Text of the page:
The whole notion of Lent being a parallel in some way to the 40 days Jesus spent in the wilderness has always captured my imagination. We often talk about Lent as a time of deprivation. You can almost hear the undertone of dread thrumming beneath it. It is a time to give things up, right? (I’ve learned that the only thing worse than trying to sell Girl Scout cookies on January 2nd is delivering them on the first day of Lent!) So it seems that this time spent in the wilderness is supposed to be accompanied by a penitent (somber and morose) spirit, right?
But I have to admit that, having an introverted temperament, spending 40 days in the wilderness often sounds really good to me. It is the 40 days spent in constant contact with the clashing, clanging crowds that are what might tempt me to jump off of the top of the temple.
So there, my first confession of Lent.
In a culture that can’t seem to get enough of “community,” I sometimes feel overwhelmed. And in Lent, I feel a bit like Br’er Rabbit screaming, “Oh please don’t throw me out into the wilderness!” And here I am, chuckling under my breath the whole time, knowing the wilderness is right where I am most at home. I would even consider emulating John the Baptist’s wilder habits, wearing itchy camel hair clothing, and making meals of honey-dipped insects just to get a couple of hours of peace and quiet while the sun was still somewhere above the horizon. ( As a homeschooling mom, I’m not sure I have even gone to the restroom uninterrupted since sometime in 2008!)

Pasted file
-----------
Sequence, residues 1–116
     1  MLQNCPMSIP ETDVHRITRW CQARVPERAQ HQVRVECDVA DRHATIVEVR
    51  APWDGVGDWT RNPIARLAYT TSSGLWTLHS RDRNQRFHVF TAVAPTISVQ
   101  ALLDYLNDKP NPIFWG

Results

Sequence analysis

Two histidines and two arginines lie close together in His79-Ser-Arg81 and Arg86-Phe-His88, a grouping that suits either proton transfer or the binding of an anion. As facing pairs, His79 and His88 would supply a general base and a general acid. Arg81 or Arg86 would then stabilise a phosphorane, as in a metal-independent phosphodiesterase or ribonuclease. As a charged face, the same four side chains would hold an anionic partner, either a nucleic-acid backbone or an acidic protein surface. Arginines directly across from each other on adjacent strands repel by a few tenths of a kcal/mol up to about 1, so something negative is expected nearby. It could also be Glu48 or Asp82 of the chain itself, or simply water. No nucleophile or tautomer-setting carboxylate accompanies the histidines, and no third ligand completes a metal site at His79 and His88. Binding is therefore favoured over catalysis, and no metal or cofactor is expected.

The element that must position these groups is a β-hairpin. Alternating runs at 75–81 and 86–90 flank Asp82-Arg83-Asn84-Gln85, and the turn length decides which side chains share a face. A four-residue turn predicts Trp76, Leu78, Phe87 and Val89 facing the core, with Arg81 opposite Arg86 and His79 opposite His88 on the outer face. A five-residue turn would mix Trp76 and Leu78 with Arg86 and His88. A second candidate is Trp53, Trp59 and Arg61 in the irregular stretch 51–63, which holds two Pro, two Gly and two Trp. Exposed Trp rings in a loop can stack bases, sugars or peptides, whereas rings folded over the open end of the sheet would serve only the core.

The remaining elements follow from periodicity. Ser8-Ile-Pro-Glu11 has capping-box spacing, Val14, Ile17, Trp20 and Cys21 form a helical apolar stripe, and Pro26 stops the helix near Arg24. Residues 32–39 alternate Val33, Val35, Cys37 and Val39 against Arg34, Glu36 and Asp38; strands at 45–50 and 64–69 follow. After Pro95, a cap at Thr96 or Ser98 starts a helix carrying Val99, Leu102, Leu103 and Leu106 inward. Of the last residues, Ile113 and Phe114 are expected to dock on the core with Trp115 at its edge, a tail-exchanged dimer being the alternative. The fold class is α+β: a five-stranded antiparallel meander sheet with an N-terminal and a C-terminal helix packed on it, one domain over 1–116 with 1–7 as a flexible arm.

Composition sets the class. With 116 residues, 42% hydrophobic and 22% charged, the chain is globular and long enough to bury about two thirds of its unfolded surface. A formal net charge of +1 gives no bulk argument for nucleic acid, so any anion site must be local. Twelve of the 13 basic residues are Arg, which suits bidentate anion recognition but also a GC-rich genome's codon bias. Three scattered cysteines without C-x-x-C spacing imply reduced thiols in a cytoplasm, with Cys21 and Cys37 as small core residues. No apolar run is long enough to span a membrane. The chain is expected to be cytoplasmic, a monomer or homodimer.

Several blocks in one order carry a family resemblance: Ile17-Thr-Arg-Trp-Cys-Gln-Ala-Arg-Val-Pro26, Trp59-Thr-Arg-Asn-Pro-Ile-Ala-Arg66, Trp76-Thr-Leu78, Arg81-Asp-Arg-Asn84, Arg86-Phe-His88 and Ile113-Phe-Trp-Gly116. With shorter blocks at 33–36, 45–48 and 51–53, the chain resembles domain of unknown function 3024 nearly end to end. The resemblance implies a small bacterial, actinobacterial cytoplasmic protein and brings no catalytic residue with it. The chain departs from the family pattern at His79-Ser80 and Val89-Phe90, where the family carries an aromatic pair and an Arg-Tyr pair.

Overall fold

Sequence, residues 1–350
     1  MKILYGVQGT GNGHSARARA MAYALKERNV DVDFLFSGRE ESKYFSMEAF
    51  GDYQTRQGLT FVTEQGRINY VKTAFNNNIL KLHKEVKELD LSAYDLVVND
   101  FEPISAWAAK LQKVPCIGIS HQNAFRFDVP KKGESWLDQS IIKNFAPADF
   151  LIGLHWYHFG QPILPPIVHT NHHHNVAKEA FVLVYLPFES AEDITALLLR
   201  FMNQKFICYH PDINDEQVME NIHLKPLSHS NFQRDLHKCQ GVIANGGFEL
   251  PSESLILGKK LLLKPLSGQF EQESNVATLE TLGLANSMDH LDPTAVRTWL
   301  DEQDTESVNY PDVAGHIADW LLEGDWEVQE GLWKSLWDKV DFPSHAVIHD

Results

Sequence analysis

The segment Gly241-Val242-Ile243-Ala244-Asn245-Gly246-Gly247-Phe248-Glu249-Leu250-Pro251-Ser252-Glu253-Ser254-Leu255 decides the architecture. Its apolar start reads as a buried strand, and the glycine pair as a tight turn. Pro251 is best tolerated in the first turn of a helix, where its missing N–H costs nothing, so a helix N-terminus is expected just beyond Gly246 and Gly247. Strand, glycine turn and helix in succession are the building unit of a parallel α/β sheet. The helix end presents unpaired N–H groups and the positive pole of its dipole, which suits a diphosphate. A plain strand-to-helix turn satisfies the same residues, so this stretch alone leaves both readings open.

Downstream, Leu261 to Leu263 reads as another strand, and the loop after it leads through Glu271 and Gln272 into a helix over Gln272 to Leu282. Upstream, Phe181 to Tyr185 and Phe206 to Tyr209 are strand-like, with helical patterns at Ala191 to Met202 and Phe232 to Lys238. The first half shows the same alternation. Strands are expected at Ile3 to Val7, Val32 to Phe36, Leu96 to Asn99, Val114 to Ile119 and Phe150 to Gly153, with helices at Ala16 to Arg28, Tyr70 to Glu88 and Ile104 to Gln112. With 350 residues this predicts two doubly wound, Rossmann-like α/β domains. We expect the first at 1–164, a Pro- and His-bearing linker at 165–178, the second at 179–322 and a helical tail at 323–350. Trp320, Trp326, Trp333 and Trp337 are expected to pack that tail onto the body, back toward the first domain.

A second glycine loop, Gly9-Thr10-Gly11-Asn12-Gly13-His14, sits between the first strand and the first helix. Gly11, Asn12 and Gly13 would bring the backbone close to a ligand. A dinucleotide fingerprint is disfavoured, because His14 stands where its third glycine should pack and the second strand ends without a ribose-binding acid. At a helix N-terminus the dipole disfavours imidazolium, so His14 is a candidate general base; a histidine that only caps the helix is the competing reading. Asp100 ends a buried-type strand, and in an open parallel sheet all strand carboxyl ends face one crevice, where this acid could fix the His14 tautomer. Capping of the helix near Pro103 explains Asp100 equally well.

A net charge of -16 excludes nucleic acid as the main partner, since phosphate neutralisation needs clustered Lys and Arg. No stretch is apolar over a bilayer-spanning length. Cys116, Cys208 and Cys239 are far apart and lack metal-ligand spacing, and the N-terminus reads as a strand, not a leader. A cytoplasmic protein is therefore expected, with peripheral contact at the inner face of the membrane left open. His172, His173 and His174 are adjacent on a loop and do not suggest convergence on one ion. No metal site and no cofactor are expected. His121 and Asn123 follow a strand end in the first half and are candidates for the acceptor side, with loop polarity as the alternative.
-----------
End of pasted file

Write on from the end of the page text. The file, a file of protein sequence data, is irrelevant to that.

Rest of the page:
I remember first learning about the contemplative traditions. I have a special affinity for the Desert Fathers and Mothers with their quiet and continuous cycle of work and prayer and for Julian of Norwich with her poetic visions of a God who holds the whole world, like a hazelnut, cradled in the palm of one hand. Julian’s mantra of “all shall be well, and all shall be well, and all manner of things shall be well,” helps to keep me grounded on the busiest of my days.
I think, sometimes, that with our American religious cultural infatuation with “community” we may be ignoring a whole tradition, a whole way of being Christian. Lent seems to help us remember that the Communion of Saints plays by different rules than a pop-culture defined version of community.
Contemplation for Saint Anthony and Saint Julian was an extreme art to say the least. But they both contributed to life in their contemporary communities. And they both gave us writings that continue to inspire. The oldest known writing in English by a woman is Julian of Norwich’s Revelations of Divine Love!
It is that constant cycle of reflection and action and reflection that allows us to deliberately live out our own calling in the world. And in the wilderness, we are able to confront our fears, our temptations, our joys, our desires, our sorrows, and all the other blessed messiness of life. In the wilderness, we can take the time we need, as much or as little as we need, to reflect, to be still and to know the presence of God in the midst of it all.
John’s time in the wilderness (and that of Jesus, too) was a time of preparation, preparation for action, for ministry, for life, for the joys and the pains and the challenges that were to come.
Today, I am thankful for this time in the wilderness.